"Some German cities have been transformed into theme parks," said one Quedlinburger, making an oblique reference to Rothenburg. "We never want our city to become a tourist attraction. People live and work here. We want tourism to be part of our fabric, not our reason for being."
Furthermore, he said, "Were not ashamed that so many of our buildings are run down. It allows visitors to see the impact of neglect and to watch buildings in various stages of restoration."
In the medieval Hanseatic City of Wismar, just north of Schwerin, restoration was not a priority during frugal East German times. Work has only recently begun on the 14th-century St.-Georgen-Kirche, and a 245-foot tower is all that remains of the 15th-century Marienkirche.
"The Russians didn't tend to make churches a big priority," sighed one local resident.
Similarly, most castle tours include only their finished, polished chambers. But guides here are just as likely to spend time showing sections under or awaiting restoration.
Many buildings lie beyond hope of repair. In Basedow, a village northwest of Berlin, massive classically-styled castle stables lie in ruins. No fences or signs block entry. Walls and ceilings have fallen away and created a maze of beams and plaster. Pigeons fly freely through gaps in the walls. The structures former glory is immediately evident in fading frescoes and intricate, yet chipped tilework. It's a frequent dilemma: too hopeless to restore, too tragic to tear down. So, in the meantime, it's a monument both to former glory and the perils of neglect. It also provides perspective; the stables are probably no worse than hundreds, if not thousands, of buildings that were rebuilt in West Germany almost immediately after the war. Tourists often take these buildings for granted. A walk through the stable brings immediate reflection on the massive efforts that brought those buildings in the West back to life.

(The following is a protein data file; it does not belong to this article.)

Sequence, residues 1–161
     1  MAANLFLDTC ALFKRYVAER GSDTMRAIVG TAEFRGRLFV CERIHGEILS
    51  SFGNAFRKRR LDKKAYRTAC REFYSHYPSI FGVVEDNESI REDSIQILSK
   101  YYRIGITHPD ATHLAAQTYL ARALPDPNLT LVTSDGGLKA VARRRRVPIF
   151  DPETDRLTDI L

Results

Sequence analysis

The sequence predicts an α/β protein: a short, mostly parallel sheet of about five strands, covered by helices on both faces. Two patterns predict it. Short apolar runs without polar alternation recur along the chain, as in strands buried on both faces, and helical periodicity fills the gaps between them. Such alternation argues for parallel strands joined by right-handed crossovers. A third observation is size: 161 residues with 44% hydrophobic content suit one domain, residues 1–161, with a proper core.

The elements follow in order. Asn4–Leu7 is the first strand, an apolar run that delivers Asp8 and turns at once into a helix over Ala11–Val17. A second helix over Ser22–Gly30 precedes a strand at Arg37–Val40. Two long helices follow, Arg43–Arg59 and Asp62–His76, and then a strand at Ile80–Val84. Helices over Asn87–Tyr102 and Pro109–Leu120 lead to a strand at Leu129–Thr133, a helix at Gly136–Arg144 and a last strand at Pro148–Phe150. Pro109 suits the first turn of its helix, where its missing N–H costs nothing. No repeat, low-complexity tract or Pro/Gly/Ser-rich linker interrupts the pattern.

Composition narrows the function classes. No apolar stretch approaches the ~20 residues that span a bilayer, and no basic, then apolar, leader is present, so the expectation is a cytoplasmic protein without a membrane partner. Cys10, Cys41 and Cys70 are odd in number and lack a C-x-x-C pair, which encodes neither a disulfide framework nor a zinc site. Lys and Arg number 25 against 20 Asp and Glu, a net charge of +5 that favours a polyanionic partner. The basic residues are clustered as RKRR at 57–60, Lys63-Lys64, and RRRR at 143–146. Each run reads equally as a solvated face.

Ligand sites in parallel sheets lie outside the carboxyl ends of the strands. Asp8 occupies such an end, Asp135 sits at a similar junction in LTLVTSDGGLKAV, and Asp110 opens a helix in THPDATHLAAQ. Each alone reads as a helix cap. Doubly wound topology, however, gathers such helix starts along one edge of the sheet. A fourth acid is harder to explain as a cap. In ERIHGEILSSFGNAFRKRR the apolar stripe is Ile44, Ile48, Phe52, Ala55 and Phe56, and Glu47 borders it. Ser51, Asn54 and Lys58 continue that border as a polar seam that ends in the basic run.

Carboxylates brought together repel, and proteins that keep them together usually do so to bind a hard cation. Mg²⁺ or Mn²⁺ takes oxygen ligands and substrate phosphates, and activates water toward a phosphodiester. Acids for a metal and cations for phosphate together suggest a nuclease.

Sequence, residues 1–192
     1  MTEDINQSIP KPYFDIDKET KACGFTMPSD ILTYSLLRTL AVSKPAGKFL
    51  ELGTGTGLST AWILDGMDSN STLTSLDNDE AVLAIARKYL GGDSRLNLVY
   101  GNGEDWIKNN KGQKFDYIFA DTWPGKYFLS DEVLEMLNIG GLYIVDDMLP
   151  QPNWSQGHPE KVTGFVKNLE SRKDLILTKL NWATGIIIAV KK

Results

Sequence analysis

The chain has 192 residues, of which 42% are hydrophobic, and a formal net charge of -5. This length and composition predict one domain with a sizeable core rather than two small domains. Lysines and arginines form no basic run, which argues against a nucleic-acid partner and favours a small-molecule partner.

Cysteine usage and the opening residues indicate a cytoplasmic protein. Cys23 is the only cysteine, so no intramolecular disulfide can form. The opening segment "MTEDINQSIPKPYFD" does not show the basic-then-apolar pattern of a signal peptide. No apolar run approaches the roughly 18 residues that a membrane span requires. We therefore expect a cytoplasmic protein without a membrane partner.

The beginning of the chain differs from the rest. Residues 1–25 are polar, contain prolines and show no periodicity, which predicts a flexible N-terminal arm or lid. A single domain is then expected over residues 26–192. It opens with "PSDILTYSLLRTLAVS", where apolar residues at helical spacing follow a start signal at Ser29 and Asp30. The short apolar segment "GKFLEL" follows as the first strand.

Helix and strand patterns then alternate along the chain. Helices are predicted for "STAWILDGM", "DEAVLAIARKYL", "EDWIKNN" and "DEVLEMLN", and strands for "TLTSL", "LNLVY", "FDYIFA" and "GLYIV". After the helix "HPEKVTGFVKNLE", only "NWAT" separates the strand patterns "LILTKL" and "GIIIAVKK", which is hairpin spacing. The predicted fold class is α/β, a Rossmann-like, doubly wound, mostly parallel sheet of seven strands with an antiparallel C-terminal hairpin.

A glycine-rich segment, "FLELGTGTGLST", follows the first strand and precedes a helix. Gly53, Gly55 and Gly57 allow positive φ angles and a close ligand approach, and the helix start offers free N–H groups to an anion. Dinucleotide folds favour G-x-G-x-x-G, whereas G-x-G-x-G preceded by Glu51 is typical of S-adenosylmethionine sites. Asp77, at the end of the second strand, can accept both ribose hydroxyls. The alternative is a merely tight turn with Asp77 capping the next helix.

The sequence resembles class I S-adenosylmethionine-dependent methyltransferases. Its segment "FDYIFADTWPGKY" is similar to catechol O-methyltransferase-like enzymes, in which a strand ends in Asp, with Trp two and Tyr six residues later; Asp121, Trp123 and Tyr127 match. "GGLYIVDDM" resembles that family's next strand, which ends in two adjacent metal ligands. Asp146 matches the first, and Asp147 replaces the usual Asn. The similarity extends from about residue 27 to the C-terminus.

Restoration is a slow but considered process, one often complicated by conflicting claims of ownership. During Nazi times and the subsequent Communist rule, the government seized most property. After reunification, multiple parties often clashed over ownership, and cases still linger in court. In other cases, especially with more dilapidated buildings, no one has stepped forward to assume ownership. In Quedlinburg, a once glorious home has tried to escape further neglect with a sign proclaiming: "Lady Seeks New Lover."